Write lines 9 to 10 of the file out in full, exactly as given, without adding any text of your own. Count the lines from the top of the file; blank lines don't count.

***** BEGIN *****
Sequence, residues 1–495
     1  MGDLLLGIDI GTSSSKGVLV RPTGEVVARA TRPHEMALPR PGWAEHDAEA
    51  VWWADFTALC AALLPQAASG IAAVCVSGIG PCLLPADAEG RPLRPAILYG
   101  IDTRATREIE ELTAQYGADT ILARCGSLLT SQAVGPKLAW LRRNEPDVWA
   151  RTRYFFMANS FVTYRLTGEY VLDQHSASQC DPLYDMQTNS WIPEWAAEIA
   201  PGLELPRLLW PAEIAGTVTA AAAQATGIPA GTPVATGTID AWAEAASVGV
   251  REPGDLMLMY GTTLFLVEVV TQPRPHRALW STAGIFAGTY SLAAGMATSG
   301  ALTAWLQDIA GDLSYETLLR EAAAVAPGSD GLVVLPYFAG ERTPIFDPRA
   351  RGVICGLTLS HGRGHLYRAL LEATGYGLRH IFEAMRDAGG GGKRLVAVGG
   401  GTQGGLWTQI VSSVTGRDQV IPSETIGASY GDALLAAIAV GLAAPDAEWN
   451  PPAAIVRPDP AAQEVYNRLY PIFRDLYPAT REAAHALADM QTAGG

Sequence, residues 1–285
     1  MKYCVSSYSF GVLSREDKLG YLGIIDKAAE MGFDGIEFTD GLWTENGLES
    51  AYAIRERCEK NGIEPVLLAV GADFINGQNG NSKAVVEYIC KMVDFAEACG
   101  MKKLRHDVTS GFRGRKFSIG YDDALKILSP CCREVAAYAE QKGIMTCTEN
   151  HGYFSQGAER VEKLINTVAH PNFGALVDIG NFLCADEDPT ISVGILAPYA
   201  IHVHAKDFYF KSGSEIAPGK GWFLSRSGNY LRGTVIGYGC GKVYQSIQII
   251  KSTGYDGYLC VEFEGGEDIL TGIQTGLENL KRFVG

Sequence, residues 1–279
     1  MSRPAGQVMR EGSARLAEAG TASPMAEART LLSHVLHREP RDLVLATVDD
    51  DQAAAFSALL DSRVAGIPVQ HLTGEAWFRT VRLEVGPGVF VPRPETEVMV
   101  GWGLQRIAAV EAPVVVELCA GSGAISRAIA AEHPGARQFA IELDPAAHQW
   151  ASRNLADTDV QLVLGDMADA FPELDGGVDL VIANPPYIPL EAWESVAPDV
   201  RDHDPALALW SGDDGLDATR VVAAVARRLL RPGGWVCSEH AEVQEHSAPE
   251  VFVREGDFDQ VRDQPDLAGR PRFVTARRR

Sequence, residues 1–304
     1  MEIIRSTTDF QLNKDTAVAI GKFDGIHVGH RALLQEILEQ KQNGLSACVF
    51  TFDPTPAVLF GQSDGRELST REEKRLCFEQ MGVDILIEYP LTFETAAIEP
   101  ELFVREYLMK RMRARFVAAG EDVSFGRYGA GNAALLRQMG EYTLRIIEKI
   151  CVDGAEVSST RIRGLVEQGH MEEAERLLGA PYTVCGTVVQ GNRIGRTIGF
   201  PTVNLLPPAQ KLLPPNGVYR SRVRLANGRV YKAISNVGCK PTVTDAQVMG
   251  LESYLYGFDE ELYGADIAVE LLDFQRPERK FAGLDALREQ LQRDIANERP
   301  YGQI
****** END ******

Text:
   351  RGVICGLTLS HGRGHLYRAL LEATGYGLRH IFEAMRDAGG GGKRLVAVGG
   401  GTQGGLWTQI VSSVTGRDQV IPSETIGASY GDALLAAIAV GLAAPDAEWN